Simon Gittins is growing a semi–dormant lucerne variety supplied by Germinal and is embarking on a zero–grazing and crop–drying enterprise that he hopes will produce a valuable high protein dairy feed.“Lucerne is the world’s most extensively grown forage crop and is popular in countries with similar conditions to our own, such as Germany, and yet it is only grown on a tiny proportion of UK farms,” said Germinal GB’s National Agricultural Sales Manager Ben Wixey, who sees Lucerne as being massively underutilised in the UK despite the availability of semi–dormant varieties well–suited to the climate. Speaking at a training day for the agricultural trade in Shropshire he continued: “It requires free–draining soils and a soil pH of at least 6.2, but in these circumstances and with the right management it can yield 10–15 tonnes of dry matter that is high in protein, rich in trace minerals and is an excellent source of quality fibre. It is an ideal complement to maize silage in dairy rations and – being a legume that will fix its own nitrogen – can be grown without the cost of artificial nitrogen fertiliser.” Mr Wixey believes lucerne, which is typically spring–sown from the end of April, could become part of many farms’ forage armoury to help build more resilient businesses in the future.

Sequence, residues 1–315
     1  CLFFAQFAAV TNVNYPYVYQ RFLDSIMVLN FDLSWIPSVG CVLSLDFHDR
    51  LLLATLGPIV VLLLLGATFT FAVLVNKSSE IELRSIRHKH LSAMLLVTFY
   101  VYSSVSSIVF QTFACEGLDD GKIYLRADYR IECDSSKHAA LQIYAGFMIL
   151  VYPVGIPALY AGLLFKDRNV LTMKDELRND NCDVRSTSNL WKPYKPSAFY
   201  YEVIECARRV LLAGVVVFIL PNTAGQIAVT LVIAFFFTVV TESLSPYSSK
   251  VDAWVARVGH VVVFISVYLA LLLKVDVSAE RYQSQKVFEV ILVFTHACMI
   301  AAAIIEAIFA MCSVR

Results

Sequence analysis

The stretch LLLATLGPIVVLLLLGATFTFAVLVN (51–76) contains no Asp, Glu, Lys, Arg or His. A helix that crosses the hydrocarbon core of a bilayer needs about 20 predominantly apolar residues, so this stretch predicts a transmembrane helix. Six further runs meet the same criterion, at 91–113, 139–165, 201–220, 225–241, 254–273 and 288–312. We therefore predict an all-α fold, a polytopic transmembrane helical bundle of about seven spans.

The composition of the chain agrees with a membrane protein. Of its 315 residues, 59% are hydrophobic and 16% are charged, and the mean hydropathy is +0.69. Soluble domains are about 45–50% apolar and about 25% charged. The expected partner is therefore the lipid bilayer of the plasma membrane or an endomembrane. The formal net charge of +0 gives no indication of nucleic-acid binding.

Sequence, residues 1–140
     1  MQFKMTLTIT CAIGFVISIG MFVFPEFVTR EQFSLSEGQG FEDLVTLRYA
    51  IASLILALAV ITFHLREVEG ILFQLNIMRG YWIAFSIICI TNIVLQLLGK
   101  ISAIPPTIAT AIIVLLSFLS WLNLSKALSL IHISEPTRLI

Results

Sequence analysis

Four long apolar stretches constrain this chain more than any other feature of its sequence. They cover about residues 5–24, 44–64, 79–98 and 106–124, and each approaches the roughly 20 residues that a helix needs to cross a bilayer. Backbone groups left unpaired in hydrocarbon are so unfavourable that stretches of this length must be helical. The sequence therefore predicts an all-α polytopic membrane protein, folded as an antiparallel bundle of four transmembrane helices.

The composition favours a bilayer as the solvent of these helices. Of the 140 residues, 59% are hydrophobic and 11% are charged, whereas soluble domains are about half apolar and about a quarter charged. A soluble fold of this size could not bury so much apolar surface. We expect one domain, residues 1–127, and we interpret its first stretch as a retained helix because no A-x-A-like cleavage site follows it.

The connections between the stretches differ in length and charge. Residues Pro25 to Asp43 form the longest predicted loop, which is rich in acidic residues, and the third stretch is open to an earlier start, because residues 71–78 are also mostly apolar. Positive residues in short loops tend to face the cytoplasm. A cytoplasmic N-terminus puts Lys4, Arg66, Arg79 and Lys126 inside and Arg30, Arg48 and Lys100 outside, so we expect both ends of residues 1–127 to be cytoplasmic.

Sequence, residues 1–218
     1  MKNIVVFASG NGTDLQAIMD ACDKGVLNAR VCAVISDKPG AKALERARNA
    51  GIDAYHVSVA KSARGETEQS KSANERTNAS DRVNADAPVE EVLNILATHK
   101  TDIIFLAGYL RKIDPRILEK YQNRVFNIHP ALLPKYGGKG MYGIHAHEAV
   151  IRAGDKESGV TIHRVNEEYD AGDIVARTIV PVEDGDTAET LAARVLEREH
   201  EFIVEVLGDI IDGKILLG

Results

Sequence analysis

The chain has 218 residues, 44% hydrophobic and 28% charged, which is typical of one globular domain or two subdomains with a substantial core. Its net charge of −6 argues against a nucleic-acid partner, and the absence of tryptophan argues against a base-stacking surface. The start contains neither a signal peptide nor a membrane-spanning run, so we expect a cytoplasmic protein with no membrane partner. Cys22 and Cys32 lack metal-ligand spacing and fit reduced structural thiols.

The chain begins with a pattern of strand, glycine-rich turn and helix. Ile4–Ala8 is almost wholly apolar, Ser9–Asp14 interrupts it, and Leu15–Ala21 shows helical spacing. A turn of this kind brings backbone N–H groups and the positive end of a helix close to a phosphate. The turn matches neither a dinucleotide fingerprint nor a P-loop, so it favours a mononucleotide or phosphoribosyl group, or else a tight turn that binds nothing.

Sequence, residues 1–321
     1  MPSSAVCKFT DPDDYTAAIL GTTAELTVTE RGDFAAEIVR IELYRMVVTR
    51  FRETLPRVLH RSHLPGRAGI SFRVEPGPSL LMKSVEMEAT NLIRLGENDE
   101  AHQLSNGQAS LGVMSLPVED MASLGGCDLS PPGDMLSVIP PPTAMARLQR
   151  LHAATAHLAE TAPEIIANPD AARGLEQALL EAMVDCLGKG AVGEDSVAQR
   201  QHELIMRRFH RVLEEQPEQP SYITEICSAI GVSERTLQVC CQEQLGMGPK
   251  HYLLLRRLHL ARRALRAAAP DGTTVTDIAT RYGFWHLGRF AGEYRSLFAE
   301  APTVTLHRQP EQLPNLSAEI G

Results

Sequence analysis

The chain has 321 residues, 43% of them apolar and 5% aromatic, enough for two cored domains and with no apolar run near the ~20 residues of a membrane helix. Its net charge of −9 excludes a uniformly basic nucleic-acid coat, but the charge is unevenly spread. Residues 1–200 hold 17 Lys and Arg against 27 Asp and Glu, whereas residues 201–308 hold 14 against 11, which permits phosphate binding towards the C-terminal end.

Lucerne silage is a rumen–friendly forage that provides a valuable source of protein and quality fibre.“Maximising the amount of quality forage that is grown on the farm is the best way to future–proof your business,” he added. “Lucerne could have a part to play in this, especially as a source of protein that reduces reliance on bought–in alternatives, such as soya, which will always be at risk of price volatility.” When selecting lucerne for UK conditions, Mr Wixey advised farmers to aim for varieties with dormancy ratings of between 4 and 5, and good resistance to common diseases such as verticillium wilt. He also recommended the use of pre–inoculated pelleted seed that was certified ‘dodder–free’.